Friday, October 12, 2007

James Joyce - Ulysses (I)

"Bronze by gold heard the hoofirons, steelyringing Imperthnthnthnthnthn.

Chips, picking chips off rocky thumbnail, chips.

Horrid! And gold flushed more.

A husky fifenote blew.

Blew. Blue bloom is in the

Gold pinnacled hair.

A jumping rose on satiny breasts of satin, rose of Castille.

Trilling, trilling. Idoleres.

Peep! Who’s in the … peepofgold?

Tink cried to bronze in pity.

And a call, pure, long and throbbing. Longindying call.

Decoy. Soft word. But look! The bright stars fade. O rose! Notes chirruping answer. Castille. The morn is breaking.

Jingle jingle jaunted jingling.

Coin rang. Clock clacked.

Avowal. Sonnez. I could. Rebound of garter. Not leave thee. Smack. La cloche! Thigh smack. Avowel. Warm. Sweetheart, goodbye!

Jingle. Bloo.

Boomed crashing chords. When love absorbs. War! War! The tympanum.

A sail! A veil awave upon the waves.

Lost. Throstle fluted. All is lost now.

Horn. Hawhorn.

When first he saw. Alas!

Full tup. Full throb.

Warbling. Ah, lure! Alluring.

Martha! Come!

Clapclop. Clipclap. Clappyclap.

Goodgod henev erheard inall.

Deaf bald Pat brought pad knife took up.

A moonlight nightcall: far:far.

I feel so sad. P.S. So lonely blooming.


(Ch. 8 - Sirens)


blend77 said...

i have never been able to make it through this book. maybe its a testament to my intelligence (or lack thereof, rather) but even for all my enjoyment in word slaughter and the advancement of speech, i couldnt pick up what he was doing...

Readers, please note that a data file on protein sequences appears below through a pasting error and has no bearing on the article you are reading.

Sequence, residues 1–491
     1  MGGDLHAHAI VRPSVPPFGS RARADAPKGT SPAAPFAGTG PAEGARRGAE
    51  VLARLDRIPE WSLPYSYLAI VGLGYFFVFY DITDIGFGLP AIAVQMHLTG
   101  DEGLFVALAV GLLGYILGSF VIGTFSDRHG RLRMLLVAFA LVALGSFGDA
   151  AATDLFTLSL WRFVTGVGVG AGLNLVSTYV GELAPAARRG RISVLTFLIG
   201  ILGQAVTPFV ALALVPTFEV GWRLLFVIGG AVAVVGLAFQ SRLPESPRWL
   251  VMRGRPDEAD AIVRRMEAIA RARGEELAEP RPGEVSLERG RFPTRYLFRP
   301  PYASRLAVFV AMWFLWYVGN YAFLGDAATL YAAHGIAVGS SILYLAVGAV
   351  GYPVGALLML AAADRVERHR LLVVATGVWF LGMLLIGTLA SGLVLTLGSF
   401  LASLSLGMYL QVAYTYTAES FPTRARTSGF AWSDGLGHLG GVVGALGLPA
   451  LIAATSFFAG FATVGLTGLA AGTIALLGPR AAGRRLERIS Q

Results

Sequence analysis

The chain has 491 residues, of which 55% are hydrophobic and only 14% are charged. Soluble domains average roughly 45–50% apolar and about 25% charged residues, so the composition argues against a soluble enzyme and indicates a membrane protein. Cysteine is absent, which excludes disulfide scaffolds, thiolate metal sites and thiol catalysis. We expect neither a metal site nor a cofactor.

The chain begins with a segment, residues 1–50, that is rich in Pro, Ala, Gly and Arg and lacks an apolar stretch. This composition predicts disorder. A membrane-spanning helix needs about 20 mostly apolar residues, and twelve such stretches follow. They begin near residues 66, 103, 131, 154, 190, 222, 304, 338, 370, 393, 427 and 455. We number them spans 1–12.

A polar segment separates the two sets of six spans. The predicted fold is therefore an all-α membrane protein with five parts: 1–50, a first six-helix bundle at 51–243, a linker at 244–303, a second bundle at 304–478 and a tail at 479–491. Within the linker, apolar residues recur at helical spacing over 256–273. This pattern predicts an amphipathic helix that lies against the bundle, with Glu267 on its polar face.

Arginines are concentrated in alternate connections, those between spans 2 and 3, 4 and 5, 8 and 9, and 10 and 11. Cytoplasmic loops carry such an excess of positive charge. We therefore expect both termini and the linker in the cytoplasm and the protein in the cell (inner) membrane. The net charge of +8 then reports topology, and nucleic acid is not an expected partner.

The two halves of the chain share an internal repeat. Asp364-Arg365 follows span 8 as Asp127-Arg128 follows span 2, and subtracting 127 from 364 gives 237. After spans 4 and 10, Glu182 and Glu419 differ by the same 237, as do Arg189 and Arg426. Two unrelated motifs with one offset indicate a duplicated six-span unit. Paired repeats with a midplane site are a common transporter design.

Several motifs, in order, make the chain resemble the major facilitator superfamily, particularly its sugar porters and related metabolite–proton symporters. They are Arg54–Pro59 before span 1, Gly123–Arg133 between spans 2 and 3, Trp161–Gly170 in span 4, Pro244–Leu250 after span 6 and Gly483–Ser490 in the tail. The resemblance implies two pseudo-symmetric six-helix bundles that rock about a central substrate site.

sad. cuz ive tried reading it three times... oh well.. i guess this book has its divisive qualities among readers..

sweet baby jaysus said...

don't feel bad tim, i bought ulysses on tour a couple years back, and still haven't made it half way through. unlike my favorite scottish drug novels, ulysses doesn't have a glossary to break down the lingo.

gabbagabbahey said...

I, to be honest, haven't really properly read Ulysses. I read it first all the way through when I was about 16, and I was still too young to really appreciate/understand it; a lot of the time, especially towards the end, I was just coasting through on the sounds and 'word slaughter'... although arguably that is all that it's meant to be, anyway!

Recently I picked it up again (in the middle) - largely thanks to reading Kerouac - and I couldn't put it down. Save for having to go back to college and/or having to read some new books I bought, I'd still be working through it.

I'll explain more in my second post on this, but suffice to say, reading it straight through is not necessarily the best way to tackle it.

Oh, and sbj, there's an Irvine Welsh omnibus in my library that's probably a little thicker than Ulysses. I really must get it out on loan sometime. As for glossaries, the Behan book (from the same library, incidentally) also came with a glossary, mainly for the Irish language phrases. And as for Scottish drug novels, I'm heavily influenced by a Scottish anthology of underground literature called Rebel Yell, whence this extract came from. Obviously it's not specifically Scottish writers, although there is an extract from "Scottish existentialist beat writer (?!) Alex Trocchi's sensual masterpiece Helen and Desire" (not my exclamation marks - theirs!). Yet another book to post...

sweet baby jaysus said...

i was actually refering to welsh when i mentioned scottish drug novels. I just finished re-reading glue and porno, and need to get my hands on his last book, more than likely i will pick it up on this next tour (funny how now the only time i actually buy books anymore is on the road). nothing takes out dead time in the van like a good book.
reading is awesome!

gabbagabbahey said...

heh, I read this anecdote where the Ramones went on toour with Talking Heads and were very surprised that Talking Heads actually read books!